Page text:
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Central and local government team up to launch new 10-year dementia strategy in Scotland

Dementia patients in Scotland are set to benefit from a new 10-year strategy, the Scottish Government has announced.

The new plan, which has been launched during dementia awareness week in Scotland, sets out the vision for a decade’s worth of policy, singling out several priorities that the government has earmarked as things that would improve the quality of life for those affected by the disease.

This includes:

  • Ensuring people have pre and post diagnosis support;
  • Taking steps to allow more people to live well in their communities;
  • Leveraging the experience and expertise of those affected by the disease to design and deliver their own support;
  • Enabling access to skilled and trauma-informed professionals, when necessary.

The Scottish Government is also planning on rolling out two-year delivery plans that will help address the stigma around dementia – the first of these is expected by the end of the year.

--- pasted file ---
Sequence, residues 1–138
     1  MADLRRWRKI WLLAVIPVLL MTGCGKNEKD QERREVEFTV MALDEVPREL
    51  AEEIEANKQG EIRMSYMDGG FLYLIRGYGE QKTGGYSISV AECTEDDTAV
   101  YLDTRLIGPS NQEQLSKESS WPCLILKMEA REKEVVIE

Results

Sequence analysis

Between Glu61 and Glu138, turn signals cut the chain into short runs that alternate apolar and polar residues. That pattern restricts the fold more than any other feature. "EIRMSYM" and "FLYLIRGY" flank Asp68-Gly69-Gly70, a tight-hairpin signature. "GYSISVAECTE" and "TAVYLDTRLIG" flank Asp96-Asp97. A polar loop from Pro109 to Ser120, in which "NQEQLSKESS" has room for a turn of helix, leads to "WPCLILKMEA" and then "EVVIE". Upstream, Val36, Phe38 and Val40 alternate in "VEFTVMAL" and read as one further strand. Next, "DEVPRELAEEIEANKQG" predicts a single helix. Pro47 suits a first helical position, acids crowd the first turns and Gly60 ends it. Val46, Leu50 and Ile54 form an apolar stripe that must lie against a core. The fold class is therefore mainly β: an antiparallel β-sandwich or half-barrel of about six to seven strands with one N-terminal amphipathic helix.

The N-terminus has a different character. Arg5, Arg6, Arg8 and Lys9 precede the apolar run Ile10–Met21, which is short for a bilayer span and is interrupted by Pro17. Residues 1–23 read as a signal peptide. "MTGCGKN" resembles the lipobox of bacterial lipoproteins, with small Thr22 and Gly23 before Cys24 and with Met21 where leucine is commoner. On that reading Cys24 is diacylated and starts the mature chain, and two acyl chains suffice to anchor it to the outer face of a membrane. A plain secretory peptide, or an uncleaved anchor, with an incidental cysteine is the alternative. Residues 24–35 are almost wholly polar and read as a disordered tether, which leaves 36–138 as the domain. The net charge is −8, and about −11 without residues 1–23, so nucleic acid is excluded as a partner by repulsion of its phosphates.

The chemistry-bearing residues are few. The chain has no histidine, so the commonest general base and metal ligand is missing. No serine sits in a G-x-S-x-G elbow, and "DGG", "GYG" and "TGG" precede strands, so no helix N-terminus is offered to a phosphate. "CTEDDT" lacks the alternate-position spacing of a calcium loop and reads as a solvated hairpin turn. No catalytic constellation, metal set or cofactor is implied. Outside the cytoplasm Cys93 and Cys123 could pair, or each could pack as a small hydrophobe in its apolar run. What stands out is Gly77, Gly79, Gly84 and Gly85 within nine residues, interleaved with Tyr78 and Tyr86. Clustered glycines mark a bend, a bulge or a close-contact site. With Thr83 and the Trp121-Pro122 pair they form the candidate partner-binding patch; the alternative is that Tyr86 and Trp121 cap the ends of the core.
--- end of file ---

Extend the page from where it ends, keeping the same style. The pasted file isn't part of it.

The strategy is the result of eight months of engagement with stakeholders across the entirety of Scotland and has been co-produced with the Convention of Scottish Local Authorities (COSLA).

Scottish minister for social care, mental wellbeing and sport, Maree Todd, commented: “Dementia is a brain health condition which impacts at least 90,000 people across Scotland, as well as their families and their communities. This strategy sets out what we want to achieve and the difference we want to make to people’s lives.”

Todd also co-authors the plan’s foreword where she explains the name of the strategy – Everyone’s Story.

“It’s called ‘Everyone’s Story’ because it belongs to all of us. How we understand, support and see dementia impacts everyone, regardless of gender, ethnicity, additional disability or age. Across all settings, at all stages we must embed and enable empowerment, inclusivity and citizenship,” she writes.

COSLA’s spokesperson for health and social care, Councillor Paul Kelly also contributed and separately added: “We welcome this strategy as it rightly challenges us to do more and go even further, to continue to improve the care and support for people living with dementia and their care partners.

“Delivering it will require us all to continue to work collaboratively in a positive and proactive manner, while respecting each other’s different experiences of dementia.”

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